The ssh command has included bash completion in most systems, for example you can complete common host names and on some systems even hosts previously connected to from the known_hosts file, but this file do not contain useful hostnames since many years due to security reasons. At work we I connect to hundred of hosts and I can’t use the known_hosts for for tab completion. I use ^r a lot to search for old entries and that works in a few cases.
Time is interesting, what is a day for you? A complete rotation around earth axis, or from when the sun is at it’s highest point in the sky, until the next one? It’s not the same, think about it. Independent of with one you choose you have about 365 and a quarter of days until the next year starts. We will celebrate it rounded down to 365 to make things simpler, and catch up the missing time in 2020 with an extra full day.
One of the things I always liked with Ubuntu it is “A better Debian Unstable”. Same package format and OS layout. A reasonable mix between new packages, and stability and QA. I have been using Debian, Ubuntu, Linux Mint, Ubuntu Mate, Elementary OS, Ubuntu Budgie and Ubuntu GNOME now for over a decade as my main distros and there is a reason for that, deb packages and the ecosystem.
One big thing for me over the last few years is containers, security confinement and sandboxes. It’s not a new thing, but in the Linux space a lot of interesting tooling around these technologies has appeared over the last years. One of them are Firejail, it’s a simple tool that can apply security constraints to an application. For example, I write this in the Markdown editor Abricotine now. All scary syscalls dropped, contained and in it’s own network namespace with no network access.
Just a short update. I got bored of the old theme and replaced it with a theme called Blackburn. I also removed Disqus from the blog posts continuing the trend to make the blog less “bloggy”.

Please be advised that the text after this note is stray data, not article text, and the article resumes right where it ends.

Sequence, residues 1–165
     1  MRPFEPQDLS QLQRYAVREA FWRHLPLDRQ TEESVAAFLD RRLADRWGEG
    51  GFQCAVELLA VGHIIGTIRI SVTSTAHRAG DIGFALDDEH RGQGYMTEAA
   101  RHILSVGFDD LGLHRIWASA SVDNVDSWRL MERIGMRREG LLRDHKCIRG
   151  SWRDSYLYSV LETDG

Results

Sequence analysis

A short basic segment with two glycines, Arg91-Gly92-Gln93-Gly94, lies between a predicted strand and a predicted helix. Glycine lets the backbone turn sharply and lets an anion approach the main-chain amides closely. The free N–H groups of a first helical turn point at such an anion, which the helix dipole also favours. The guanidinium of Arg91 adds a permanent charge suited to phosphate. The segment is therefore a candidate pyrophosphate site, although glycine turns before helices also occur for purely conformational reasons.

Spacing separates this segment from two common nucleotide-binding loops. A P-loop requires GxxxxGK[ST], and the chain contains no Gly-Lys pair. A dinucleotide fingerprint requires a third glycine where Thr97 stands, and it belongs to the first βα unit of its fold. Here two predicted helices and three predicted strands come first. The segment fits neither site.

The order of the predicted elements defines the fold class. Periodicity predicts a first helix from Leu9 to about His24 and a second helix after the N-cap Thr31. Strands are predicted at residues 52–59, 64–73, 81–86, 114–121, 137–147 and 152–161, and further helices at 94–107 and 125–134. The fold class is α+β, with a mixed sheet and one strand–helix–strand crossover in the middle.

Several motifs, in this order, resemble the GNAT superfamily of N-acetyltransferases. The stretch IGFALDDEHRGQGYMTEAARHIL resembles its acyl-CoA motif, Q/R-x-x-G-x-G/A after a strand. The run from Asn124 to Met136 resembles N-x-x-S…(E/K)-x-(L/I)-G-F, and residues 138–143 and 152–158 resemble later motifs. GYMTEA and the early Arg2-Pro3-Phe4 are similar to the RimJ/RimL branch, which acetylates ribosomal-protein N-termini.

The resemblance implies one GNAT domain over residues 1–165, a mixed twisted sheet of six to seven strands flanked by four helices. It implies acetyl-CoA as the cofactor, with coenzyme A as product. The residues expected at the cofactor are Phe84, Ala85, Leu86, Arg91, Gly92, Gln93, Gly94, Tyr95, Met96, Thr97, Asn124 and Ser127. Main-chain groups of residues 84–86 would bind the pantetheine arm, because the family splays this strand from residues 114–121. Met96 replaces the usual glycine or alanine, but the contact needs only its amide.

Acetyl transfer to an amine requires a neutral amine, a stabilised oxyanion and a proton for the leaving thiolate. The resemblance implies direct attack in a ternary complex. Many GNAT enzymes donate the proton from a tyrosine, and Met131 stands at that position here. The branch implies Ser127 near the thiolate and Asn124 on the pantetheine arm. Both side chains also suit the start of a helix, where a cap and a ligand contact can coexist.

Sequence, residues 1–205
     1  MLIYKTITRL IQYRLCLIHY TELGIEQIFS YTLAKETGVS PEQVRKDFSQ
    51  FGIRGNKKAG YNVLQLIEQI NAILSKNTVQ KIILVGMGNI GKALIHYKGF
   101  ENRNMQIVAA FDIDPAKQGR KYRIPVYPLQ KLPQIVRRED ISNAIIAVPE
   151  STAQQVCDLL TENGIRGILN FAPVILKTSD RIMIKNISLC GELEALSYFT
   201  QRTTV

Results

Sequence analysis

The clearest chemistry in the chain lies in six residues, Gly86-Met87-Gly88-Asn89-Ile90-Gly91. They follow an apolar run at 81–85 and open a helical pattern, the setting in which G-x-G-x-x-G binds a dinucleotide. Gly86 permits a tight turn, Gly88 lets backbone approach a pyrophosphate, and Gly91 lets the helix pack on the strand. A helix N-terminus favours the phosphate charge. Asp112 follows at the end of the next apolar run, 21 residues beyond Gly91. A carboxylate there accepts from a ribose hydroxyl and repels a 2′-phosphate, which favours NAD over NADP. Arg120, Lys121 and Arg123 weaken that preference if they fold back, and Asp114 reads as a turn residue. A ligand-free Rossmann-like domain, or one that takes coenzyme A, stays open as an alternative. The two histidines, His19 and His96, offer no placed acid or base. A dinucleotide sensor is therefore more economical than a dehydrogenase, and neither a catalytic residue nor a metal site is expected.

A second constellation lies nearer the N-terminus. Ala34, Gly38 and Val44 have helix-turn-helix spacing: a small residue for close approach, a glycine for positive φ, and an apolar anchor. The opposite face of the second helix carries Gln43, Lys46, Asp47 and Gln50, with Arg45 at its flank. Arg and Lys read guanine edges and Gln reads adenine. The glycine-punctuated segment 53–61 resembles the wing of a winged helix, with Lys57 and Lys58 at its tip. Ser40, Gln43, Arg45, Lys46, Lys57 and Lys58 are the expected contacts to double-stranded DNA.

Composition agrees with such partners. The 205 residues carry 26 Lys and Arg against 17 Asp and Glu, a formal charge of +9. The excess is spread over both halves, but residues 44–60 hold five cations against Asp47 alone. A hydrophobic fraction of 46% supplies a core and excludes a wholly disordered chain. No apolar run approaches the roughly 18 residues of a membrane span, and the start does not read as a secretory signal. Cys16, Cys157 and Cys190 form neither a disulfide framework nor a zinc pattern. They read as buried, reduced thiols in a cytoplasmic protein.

Well, the sad news was announced 10 days ago today. There had been rumors before that about what was happening and it was true. Fitbit was acquiring Pebble. Unfortunately not Pebble Inc but just the trademark and the technology. From the point of view of Fitbit I understand, they need a good operating system and it was cheaper to buy a finished one. Pebble Inc was in bad economic state and it would not have been that god deal to acquire Pebble Inc, cheaper to just let it default.
In my Ubuntu Touch Phone experiment I have activated plan b, I have since yesterday reverted back to Android and this is why. My Meizu is still a interesting phone, fast with a nice screen and good camera (compared to my earlier phones). It’s super nice to have a real operating system there that I can manage like a normal computer. I like the idea to get some alternatives in between Android and iOS.
In about a week from now, I have had my Ubuntu Touch phone for two months. I have got used to some aspects of it but I still finds fun and interesting things to do with it. Is it a pain? Yes, indeed it is, more or less all applications that I daily use are worse than the Android equivalent and I have been thinking about the possibility to buy an Android phone, the Pixel do indeed looks interesting.
Time to integrate Nextcloud with my Ubuntu Phone, the calendar was easy because there are an option under accounts that is called “Owncloud”, I just added my Nextcloud account and my calendar was synced. Unfortunately I see no way to sync nether contacts or tasks with this method. I guess, the option will be there in a future OTA, I hope. The good thing is that it’s only the UI that’s missing, you can do plenty of things with the command syncevolution.
Nextcloud vs. Owncloud I have been using Owncloud for some time now hosted on one of my servers, it was setup mainly to sync calender and contacts to move away from Google Contacts and Calendar. It has been working nicely and I have also used it for document sync, and image sync from my phone. But things have happen in the Owncloud universe, and we now have a fork called Nextcloud.